Yup, that was the most gripping blog post title I could think of. Anyway, I took the plunge and installed (hacked?) three DPDT slide switches on foam core plates into becoming a means to move the point blades on my turnouts and then also hold them tight against the stock rails. Connecting the point blade to the switch is a short length of steel music wire. The wire has enough spring in it to compensate for the difference in the throw of the switch compared to the short throw of the turnout.
I’m really pleased about this bit of progress. I fretted about how to actuate these turnouts for an eternity and this single detail has been something I’ve never really had much consistent luck with. I’ve put off some layouts in the past for the sake of this simple step and now that I have some experience with it I would definitely do this again. The switches were easy to install and even having bought them here in Charlottetown, they weren’t too expensive ($5 a pair). Like any proud maker, here are some photos showing the switches, how they are mounted and the rod to the turnout. Also as a backdrop is the foam core I’m using as the base and frame for the whole layout.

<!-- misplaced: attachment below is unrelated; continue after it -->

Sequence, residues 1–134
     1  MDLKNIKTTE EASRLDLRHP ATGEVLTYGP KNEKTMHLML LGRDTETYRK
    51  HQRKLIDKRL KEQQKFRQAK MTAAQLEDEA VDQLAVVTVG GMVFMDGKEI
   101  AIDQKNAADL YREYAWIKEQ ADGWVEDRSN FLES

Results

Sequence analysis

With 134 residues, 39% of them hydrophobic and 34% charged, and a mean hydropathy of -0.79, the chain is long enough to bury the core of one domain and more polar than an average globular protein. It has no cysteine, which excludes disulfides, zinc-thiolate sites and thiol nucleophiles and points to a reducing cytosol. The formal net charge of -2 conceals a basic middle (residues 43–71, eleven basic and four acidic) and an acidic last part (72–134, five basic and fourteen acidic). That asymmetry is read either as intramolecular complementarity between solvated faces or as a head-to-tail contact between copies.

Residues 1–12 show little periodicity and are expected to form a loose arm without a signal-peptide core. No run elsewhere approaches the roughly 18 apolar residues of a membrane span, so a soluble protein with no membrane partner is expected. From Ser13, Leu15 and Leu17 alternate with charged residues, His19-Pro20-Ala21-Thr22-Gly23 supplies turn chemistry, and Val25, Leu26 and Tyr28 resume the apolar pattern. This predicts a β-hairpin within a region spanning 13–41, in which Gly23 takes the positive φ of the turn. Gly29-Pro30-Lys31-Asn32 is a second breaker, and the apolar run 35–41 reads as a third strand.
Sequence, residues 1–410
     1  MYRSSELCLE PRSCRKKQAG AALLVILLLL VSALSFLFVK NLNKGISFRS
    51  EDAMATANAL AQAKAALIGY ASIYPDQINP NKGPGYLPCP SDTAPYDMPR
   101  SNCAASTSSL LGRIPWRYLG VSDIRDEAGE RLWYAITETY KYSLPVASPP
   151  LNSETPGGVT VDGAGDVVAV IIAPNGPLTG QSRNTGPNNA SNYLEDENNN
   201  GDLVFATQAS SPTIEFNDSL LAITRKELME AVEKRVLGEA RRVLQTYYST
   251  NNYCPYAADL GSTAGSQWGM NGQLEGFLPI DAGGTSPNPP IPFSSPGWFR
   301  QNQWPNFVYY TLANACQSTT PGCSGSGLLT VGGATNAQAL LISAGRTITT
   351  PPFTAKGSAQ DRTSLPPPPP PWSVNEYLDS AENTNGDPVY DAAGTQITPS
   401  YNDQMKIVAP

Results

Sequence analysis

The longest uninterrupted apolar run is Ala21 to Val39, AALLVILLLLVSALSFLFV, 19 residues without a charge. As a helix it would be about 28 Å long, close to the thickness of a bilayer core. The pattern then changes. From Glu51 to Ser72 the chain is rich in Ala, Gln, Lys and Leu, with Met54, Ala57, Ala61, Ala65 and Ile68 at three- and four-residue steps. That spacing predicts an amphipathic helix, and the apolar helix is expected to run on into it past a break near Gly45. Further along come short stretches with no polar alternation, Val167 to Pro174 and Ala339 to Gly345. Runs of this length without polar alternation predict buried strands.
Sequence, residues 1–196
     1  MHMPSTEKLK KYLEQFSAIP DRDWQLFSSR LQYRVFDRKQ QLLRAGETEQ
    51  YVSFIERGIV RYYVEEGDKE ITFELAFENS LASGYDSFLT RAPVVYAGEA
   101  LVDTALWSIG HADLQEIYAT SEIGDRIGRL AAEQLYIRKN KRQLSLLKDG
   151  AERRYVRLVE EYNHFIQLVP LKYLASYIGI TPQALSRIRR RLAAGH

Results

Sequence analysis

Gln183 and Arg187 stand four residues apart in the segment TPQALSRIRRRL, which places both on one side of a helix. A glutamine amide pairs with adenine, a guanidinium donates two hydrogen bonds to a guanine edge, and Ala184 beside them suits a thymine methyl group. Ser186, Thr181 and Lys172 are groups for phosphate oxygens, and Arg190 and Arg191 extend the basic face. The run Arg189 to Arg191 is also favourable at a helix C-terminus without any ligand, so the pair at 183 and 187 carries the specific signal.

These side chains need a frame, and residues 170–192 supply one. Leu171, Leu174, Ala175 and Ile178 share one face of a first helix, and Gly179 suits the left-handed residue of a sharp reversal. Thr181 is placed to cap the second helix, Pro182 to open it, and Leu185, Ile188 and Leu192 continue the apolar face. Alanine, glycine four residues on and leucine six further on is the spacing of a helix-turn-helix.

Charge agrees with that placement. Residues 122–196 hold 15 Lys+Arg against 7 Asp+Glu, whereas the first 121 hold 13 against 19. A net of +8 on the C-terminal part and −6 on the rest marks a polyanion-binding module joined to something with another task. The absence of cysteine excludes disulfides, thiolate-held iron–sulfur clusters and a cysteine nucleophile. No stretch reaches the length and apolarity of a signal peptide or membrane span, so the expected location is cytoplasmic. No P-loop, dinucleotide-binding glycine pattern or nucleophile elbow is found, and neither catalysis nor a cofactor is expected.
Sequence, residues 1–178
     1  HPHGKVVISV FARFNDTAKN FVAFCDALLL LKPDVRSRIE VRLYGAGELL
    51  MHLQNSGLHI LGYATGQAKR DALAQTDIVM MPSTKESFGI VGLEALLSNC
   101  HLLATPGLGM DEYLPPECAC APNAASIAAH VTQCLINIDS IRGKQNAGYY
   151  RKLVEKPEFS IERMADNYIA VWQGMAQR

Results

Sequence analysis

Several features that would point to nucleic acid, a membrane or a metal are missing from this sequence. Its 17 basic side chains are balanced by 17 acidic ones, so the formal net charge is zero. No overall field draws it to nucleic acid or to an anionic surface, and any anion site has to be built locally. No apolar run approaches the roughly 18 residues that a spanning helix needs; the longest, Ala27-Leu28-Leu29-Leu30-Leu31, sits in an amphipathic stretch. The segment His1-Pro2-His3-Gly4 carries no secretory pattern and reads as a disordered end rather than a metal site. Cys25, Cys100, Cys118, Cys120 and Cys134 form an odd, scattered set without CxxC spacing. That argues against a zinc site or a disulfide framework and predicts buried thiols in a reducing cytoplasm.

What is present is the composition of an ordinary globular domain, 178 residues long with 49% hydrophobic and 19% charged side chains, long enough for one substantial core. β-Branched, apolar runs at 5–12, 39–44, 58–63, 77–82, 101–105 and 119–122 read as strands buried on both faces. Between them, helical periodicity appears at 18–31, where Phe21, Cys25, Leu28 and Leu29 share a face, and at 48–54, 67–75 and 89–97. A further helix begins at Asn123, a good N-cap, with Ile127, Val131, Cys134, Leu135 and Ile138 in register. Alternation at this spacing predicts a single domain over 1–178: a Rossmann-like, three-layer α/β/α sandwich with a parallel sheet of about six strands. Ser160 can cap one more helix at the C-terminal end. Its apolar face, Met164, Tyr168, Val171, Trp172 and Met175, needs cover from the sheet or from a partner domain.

While the big excitement here is the means to move the point blades the other excitement borne out of this approach is the ability to switch electrical polarity too. My turnouts are all rail with live frogs. One set of tabs on the back of these switches will determine polarity in the turnout based on route selection and I may use the other set of prongs for power routing for each of the sidings.